COS contributor Martin Skellern takes a closer look at the evidence behind the ‘burn out’ theory used to explain England’s South African demise.
This might make me the biggest nerd in football fandom – though I suspect I have fairly strong competition – but this morning I sat down with a list of all England’s fixtures and results since January 1st 2000, with the sole purpose of establishing whether there is any convincing evidence that England players get tired as the premier league season draws to a close.
I’ve heard it said for years that England’s top flight is the most grueling in the world, but I’ve never really known whether there’s much truth to the claim. I’ve certainly never been clear whether, if true, this impacts much on the national team.
But after England’s abject failure in South Africa I found myself trawling the internet, listening to endless hours of post-mortem on the radio and even hoping ITV’s Adrian Chiles might help me fathom why England had been so miserably, terribly, depressingly awful.
Fabio Capello’s assertion that his players were tired is, apparently, a ‘tired excuse,’ at least according to most football pundits and newspaper columnists. And I too was happy to deride Capello’s explanation, particularly as certain decisions he made leading up to, and during, the World Cup, like personnel, formations and substitutions had driven me mad. But then I heard David Davies, a former Executive Director of the Football Association, tell a story on the radio.
He recounted that when former England manager, Sven Goran Eriksson, was traveling home after his team’s quarter final exit in the 2002 World Cup, he revealed to Davies that when the squad first got together in preparation for the tournament, he was shocked by their initial round of fitness tests, which revealed that only one member of the squad was properly fit to play at their peak in the tournament. That player was Owen Hargreaves.
When I heard this story I wondered whether it was just a coincidence that Hargreaves was also the only member of the squad who didn’t play in England’s premier league. Back in 2002 Hargreaves plied his trade for Bayern Munich in the German Bundesliga and we all know how successful the Germans have been in World Cups.
Eriksson was still in charge of England at the 2006 World Cup. Going into that tournament he believed he had the players to win it. Afterwards he admitted he had expected to win, but once again, when the fitness of the players was assessed on the eve of the competition the same results were found. Only one player was showing the kind of fitness required and once again the player was Owen Hargreaves, who was still playing in Germany.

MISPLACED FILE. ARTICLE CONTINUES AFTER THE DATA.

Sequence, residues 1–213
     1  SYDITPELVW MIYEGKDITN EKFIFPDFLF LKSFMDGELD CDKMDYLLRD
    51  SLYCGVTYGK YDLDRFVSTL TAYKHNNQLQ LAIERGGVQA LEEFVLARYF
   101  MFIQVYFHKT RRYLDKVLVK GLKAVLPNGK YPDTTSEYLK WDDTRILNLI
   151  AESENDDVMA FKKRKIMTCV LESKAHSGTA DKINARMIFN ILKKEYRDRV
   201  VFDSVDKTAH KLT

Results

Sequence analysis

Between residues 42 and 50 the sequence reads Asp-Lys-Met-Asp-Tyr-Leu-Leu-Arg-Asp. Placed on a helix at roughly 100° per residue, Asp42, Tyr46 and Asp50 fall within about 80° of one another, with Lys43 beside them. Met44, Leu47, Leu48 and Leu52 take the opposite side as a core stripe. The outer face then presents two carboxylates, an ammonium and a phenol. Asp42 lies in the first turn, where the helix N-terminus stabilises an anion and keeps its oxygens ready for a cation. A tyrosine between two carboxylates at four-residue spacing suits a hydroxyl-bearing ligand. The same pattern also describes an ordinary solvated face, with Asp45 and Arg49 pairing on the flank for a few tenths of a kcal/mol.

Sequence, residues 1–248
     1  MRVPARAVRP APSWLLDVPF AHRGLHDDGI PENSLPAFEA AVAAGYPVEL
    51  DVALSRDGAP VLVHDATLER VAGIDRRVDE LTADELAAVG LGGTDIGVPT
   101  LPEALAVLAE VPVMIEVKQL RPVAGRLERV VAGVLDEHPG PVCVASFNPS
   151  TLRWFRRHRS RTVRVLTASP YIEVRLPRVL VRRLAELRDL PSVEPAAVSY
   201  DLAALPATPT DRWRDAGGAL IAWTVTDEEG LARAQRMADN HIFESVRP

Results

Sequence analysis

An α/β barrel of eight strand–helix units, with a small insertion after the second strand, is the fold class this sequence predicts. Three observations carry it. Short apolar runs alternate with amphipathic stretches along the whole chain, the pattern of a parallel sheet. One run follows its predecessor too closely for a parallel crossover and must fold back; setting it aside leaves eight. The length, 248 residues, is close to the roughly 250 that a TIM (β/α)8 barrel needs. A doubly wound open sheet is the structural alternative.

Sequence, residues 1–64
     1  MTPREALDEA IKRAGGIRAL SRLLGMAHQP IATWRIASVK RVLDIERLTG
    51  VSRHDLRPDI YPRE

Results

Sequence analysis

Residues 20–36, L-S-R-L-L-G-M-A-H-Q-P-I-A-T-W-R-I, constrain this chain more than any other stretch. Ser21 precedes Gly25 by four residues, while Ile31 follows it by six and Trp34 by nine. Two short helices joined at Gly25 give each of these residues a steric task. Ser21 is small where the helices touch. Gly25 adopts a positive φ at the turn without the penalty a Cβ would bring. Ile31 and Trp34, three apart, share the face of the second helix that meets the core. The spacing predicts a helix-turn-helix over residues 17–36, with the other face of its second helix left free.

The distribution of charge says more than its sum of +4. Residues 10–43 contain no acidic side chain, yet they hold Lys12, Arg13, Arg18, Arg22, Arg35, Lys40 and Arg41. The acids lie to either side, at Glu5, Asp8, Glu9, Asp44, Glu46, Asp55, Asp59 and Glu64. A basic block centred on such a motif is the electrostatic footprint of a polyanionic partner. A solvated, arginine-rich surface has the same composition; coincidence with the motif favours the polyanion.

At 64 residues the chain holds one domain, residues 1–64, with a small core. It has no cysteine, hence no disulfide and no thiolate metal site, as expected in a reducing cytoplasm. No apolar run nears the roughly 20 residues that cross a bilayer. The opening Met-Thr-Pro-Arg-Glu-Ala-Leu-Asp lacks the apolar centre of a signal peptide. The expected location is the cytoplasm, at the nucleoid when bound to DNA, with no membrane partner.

After another disappointing quarter final exit, the England fans voted overwhelmingly that their player of the 2006 World Cup was Owen Hargreaves. It seemed to the fans, for both those who’d traveled to Germany and for those watching from their sofas back home, that Hargreaves was just about the only England player to play with any real heart, passion and determination – all the assets most commonly associated with English football. To us fans it appeared as though Hargreaves was the only one who cared. But was he really the only player who cared? Or was he the only player with the necessary reserves of energy to give everything for the cause? Had the other members of the team already given too much in the previous weeks and months on the playing fields of the Premier League? I began to wonder.
I hunted around online for any information that might shed some light on the subject. There was plenty of strong opinion, often from the mainstream media’s best known football pundits and writers, but none of it seemed based on any in-depth research into the subject, or if there was, it certainly wasn’t referenced. Clearly, if I wanted statistical analysis, I’d have to be the one to do the dirty work.
So I got myself a list of all England’s results since January 1st 2000 and started analyzing the data. Since the beginning of the 21st century the England senior side has played a total of 125 matches. Of these they won 73, drew 27 and lost 25. Put another way, England won about 59% and drew about 21%. Not bad, but does England’s performance level drop off towards the end of the season? Is there statistical evidence to show that the England team might play better in summer tournaments if, like the Germans, they too had a winter break?